This weekend is the annual meeting for the Society for Biblical Literature, held this year in San Diego and preceded as usual by the Evangelical Theological Society’s (ETS) National Conference. ETS/SBL is a significant annual event for Logos, both for marketing our product but also for presenting scholarly research on a variety of topics. Rick posted previously about several ETS talks by Logos folks (and it’s not too late to catch a couple of them if you’re there).

At SBL this year, i’ll be giving two talks:

“So, Brothers”: Pauline Use of the Vocative
Biblical Greek Language and Linguistics
Saturday (11/17), 9:00 AM to 11:30 AM
Room: Betsy A – GH
Abstract: Use of the vocative by New Testament writers represents a pragmatic choice, yet there is little understanding of what motivates its use, or of its exegetical value. Most descriptions cast it as a structural marker of discourse units, corresponding to paragraph boundaries. However, many vocatives in the Greek New Testament text occur within paragraphs, calling the traditional account into question. This paper will review previous work on vocative use in the Greek New Testament, and briefly describe its discourse function based on its similarity to pragmatic markers in other languages. Representative examples from the Pauline corpus will be examined to demonstrate the exegetical value of careful attention to vocative use.
[This is joint work with my colleague Dr. Steven Runge, Logos scholar-in-residence.]
Integrating Greek and English Digital Resources
Computer Assisted Research Group (CARG)
Monday (11/19), 4:00 PM to 5:30 PM
Room: 22 – CC
Abstract: Common corpora and data standards help advance research, by providing a shared focus for researchers and elevating the baseline from which investigation begins. Several digital resources specifically designed for GNT study (for example, the Louw-Nida lexicon, the OpenText.org Syntactically Analyzed Greek New Testament, and the ESV English-Greek reverse interlinear) can be usefully integrated with other English resources and corpora to provide benefit to English-speaking Bible students as well. Examples include WordNet (a semantic lexicon), PropBank (a corpus annotated with verbal propositions and their arguments), and FrameNet (corpus-supported semantic “frames” for concepts). The resulting hybrids may also be more broadly useful for the study of other Hellenistic corpora, and may point toward the development of new resources for Biblical scholarship. This paper will briefly overview some of these digital resources, and describe ongoing work at Logos Research Systems to integrate them. The paper will also propose several practical steps to facilitate greater integration of resources from the community of biblical scholars with those from the computational linguistics community.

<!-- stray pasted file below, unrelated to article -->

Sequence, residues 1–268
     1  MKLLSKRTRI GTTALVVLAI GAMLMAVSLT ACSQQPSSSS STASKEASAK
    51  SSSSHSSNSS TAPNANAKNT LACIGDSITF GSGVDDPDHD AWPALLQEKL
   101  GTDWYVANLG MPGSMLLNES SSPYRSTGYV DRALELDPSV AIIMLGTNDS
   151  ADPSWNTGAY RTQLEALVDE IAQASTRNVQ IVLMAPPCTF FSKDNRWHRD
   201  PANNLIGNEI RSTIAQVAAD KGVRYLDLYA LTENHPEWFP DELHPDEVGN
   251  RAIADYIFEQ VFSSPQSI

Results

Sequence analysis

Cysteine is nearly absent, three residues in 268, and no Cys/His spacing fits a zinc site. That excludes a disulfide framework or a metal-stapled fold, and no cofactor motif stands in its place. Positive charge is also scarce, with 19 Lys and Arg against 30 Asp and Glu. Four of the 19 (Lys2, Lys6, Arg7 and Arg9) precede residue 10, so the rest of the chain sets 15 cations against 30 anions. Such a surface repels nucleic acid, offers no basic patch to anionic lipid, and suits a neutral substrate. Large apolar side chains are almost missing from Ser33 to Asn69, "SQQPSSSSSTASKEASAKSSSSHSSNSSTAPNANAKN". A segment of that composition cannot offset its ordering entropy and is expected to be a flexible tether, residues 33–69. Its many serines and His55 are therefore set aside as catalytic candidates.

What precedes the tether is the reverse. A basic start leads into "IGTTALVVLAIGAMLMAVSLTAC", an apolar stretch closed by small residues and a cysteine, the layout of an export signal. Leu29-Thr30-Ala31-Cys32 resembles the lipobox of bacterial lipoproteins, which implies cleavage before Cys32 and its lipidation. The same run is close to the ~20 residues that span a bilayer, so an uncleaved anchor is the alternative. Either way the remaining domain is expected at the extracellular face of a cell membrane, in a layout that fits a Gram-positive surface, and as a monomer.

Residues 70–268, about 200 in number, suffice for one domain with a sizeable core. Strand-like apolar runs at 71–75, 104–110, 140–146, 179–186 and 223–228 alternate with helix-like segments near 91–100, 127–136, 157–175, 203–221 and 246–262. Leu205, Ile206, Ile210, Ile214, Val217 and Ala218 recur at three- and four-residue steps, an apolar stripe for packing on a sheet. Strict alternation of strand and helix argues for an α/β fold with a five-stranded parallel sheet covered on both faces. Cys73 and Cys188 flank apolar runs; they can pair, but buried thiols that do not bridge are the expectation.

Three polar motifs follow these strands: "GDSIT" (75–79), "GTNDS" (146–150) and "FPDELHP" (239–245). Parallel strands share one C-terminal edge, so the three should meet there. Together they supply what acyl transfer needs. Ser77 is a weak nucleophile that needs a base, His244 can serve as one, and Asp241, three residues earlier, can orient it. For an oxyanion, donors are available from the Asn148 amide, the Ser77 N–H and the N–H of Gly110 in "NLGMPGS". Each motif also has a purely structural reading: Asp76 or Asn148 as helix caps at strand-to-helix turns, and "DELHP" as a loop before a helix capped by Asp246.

I’m excited about my collaboration with Steve on the first talk, which (without giving too much away in advance) allowed for a nice hybrid of data-driven syntax searching and discourse analysis of vocative function.

Note that, while the abstract for my CARG talk is worded rather broadly (these got submitted quite a while ago), the real focus will be on Louw-Nida and WordNet integration. In particular, i don’t expect to have much to say about PropBank and FrameNet.

Steve will also be giving an additional talk:

Quotation of Isaiah 6:9-10 in the New Testament: With Emphasis on the Quotation in Matthew 13:14-15
Greek Bible
11/17/2007, 1:00 PM to 3:30 PM
Room: Torrey 1 – MM
Abstract: Matthew’s quotation of Isa 6:9-10 in Mt 13:14-15 betrays some intriguing elements which are different from his quotations in other parts. First, though usually deviating from the LXX for the so-called fulfillment quotations, he adopts the verbatim of the LXX in Mt 13:14-15. Second, the fulfillment introductory formula in this passage is different from the one frequently used in the Gospel; it is modified by omitting the conjunction i;na (in order that) which clearly points to the purpose of the quoted OT passage. Finally, this is the only instance in which the fulfillment quotation is presented not as coming from his hands but from Jesus’ mouth. Why did Matthew decide to deviate the common way to quote the OT? This study purports to examine this problem by looking at the context of Mt 13:14-15. The study will also compare the quotation of Isa 6:9-10 in Matthew with that in other NT books, especially in Mark 4:12 and Jn 12:40 where the verbatim departs from the LXX. The study will investigate how Matthew, different from other Gospel writers, quotes Isa 6:9-10 according to his own purpose.

I’ve given talks at the two previous meetings, which i particularly enjoyed since i was then very much an amateur and newcomer to the field of academic Biblical studies (not that my employment at Logos makes me a professional scholar!). I still think they represent good work that i hope to extend further.